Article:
In one embodiment, the service processor 450 may be configured to convey a command to update a client timer via one bus, and receive an acknowledgement from the client via a second bus. As already described above, a failure of the first bus results in the timer expiring due to its not being updated. Alternatively, a failure of the second bus may occur. In the event the second bus fails the timer may in fact be updated, but a corresponding acknowledgement from the client to the service processor 450 may never be received by the service processor 450. In such an embodiment, rather than the service processor 450 receiving an explicit error indication from the client, the service processor 450 detects an error condition based upon a failure to receive an acknowledgement from the client. Subsequent to detecting such an error, the service processor 450 may access the affected client via an alternate path in order to ascertain whether or not the client is receiving the service processor 450 commands and take any other action deemed appropriate.

In one embodiment, component 410A alters the restrictions on its protected register to change access permission to allow another component access, e.g., component 410D. The service processor 450 may then utilize the other component as a proxy to access the register of component 410A. The service processor may then issue the necessary commands, and take any other suitable action, to transfer state from component 410A to another component 410 and configure component 410A out of the system.

To enhance security, component 410A may be configured to recognize another component as having permission to access its protected register only if the timer of component 410A has expired or otherwise not been reset. In this manner, inadvertent or malicious accesses by the other component (or a component masquerading as this other component) may be prevented. In an alternative embodiment, component 410A alters the restrictions on its protected register to allow access permission if (i) a received command is of a special command type, and (ii) the timer of component 410A has expired.

In one embodiment, if the service processor attempts to access a protected register via an alternate path and/or proxy and the corresponding component's timer has not expired, the component may provide an indication to the service processor that its timer has not expired. In this manner, the service processor may determine that the component is in fact receiving the timer update commands from the service processor and the component is still “alive”.

FIG. 4 illustrates one embodiment of a method in accordance with the foregoing description. In the illustrated method, clients which are configurable by a service processor include a timer which is periodically reset/updated (block 302) by the service processor. Generally, a prescribed period of time may be established for the resetting/updating of timers. In one embodiment, timers may comprise a counter. Clients may then be configured to detect when its timer has not been updated within that period of time. For example, the service processor may be configured to reset a timer/counter to zero every ten clock cycles. Each clock cycle the timer is incremented. If then a client detects its timer has a value of ten or greater, the client detects an error condition has occurred.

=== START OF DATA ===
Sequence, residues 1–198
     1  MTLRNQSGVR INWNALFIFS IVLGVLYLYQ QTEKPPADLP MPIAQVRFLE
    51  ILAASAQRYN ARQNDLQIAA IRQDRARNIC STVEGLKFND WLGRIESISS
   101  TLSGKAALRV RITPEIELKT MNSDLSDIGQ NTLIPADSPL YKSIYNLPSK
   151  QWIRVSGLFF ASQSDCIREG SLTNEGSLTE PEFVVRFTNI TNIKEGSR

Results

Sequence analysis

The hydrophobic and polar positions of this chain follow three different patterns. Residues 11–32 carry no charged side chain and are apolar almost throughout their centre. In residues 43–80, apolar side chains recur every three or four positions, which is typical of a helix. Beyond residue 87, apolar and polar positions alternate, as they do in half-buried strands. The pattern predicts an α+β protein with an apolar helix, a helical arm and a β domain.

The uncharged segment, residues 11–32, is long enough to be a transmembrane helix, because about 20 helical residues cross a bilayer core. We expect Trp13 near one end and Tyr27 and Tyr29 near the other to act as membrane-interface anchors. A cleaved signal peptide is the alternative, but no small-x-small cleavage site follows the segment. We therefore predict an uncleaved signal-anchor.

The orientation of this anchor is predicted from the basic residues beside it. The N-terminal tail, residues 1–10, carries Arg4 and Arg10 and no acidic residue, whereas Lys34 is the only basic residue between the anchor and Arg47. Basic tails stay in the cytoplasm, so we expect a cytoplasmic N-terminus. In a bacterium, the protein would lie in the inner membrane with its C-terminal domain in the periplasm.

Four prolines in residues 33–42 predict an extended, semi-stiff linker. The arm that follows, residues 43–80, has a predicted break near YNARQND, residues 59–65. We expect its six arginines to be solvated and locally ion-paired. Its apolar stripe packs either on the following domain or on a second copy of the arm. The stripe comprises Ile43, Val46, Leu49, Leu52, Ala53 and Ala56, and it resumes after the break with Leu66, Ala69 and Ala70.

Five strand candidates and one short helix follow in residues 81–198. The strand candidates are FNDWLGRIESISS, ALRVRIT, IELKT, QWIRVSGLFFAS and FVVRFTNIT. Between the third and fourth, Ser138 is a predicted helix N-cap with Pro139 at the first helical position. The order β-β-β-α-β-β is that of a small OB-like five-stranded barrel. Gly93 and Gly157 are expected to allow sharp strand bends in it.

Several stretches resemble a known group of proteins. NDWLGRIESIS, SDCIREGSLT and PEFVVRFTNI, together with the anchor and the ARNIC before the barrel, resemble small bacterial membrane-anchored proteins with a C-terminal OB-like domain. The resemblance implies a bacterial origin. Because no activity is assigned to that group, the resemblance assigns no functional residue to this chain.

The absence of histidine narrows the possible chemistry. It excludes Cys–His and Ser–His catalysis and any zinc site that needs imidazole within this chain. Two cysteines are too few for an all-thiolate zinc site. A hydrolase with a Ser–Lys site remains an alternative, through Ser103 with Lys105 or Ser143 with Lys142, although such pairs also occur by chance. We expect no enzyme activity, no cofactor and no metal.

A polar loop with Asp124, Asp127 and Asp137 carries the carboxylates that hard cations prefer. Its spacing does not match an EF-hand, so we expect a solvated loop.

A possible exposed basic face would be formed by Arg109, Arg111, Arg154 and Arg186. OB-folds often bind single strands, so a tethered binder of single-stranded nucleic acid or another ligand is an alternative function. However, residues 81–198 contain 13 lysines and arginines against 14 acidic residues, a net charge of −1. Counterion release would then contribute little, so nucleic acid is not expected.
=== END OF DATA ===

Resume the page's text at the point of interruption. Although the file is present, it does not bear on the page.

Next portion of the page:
Concurrent with the updating of timers (block 302), the service processor may detect a communication problem with a particular client. Such a problem may be detected by a failure to receive an acknowledgement from the client, failure to detect some type of “heartbeat”, by receiving an indication in response to the service processor attempting a register access or issuing a command, or by receiving an explicit indication that a client timer has not been updated (i.e., has “expired”) within the prescribed period of time. As already described, this indication may be conveyed to the service processor by the affected client. Upon detection of this problem, the service processor and affected client may perform particular activities concurrently. The service processor identifies the affected client (block 306), interrupts a proxy (block 312) which will be used to access the affected client, and begins conveying instructions (block 314) to the proxy to manage the problem. In one embodiment, where a client timer has expired, the affected client acts to alter access rights (block 308) to its protected registers. Such alteration may include removing all access restrictions, or may involve changing permission for access from the service processor (ID) to an alternate bus agent ID (block 310), to a special command type, or to some other type of indication. In an embodiment which utilizes bus master IDs, an alternate bus agent may be predetermined, though other embodiments involving dynamic determinations are contemplated as well. Finally, the service processor directs the proxy to transfer any desired state (block 316) and reconfigure the affected client (block 318) so that it does not impair or adversely affect system operation or performance.

The embodiment of FIG. 4 shows various activities which are performed by the service processor (block 303), affected client (block 305), and proxy (307). In the embodiment shown, the action of conveying instructions (block 314) is shown to involve both the service processor (block 303) and the proxy (block 307). This may represent a scenario wherein the service processor is conveying instructions to the proxy which are then conveyed by the proxy to the affected client. Other embodiments are possible and are contemplated. It is noted that while the activities in FIG. 4 are illustrated as occurring in a particular sequence, and/or concurrent with other activities, these features are intended to be exemplary only. Those skilled in the art will recognize various ways exists for achieving that which is illustrated in FIG. 4.

While the above description describes a service processor and clients such as memory controllers or processors, it is to be understood that the method and mechanism described herein may be applicable to a wide variety of masters (other than service processors) and clients. Numerous variations and modifications will become apparent to those skilled in the art once the above disclosure is fully appreciated. It is intended that the following claims be interpreted to embrace all such variations and modifications.

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Clasificaciones
Clasificación de EE.UU.726/27
Clasificación internacionalH04L9/00, G06F9/46, G06F15/173
Clasificación cooperativaG06F9/468
Clasificación europeaG06F9/46V
Eventos legales
FechaCódigoEventoDescripción
21 Sep 2011FPAYFee payment
Year of fee payment: 4
1 May 2003ASAssignment
Owner name: SUN MICROSYSTEMS, INC., CALIFORNIA
Free format text: ASSIGNMENT OF ASSIGNORS INTEREST;ASSIGNOR:SMITH, BRIAN L.;REEL/FRAME:014035/0946
Effective date: 20030428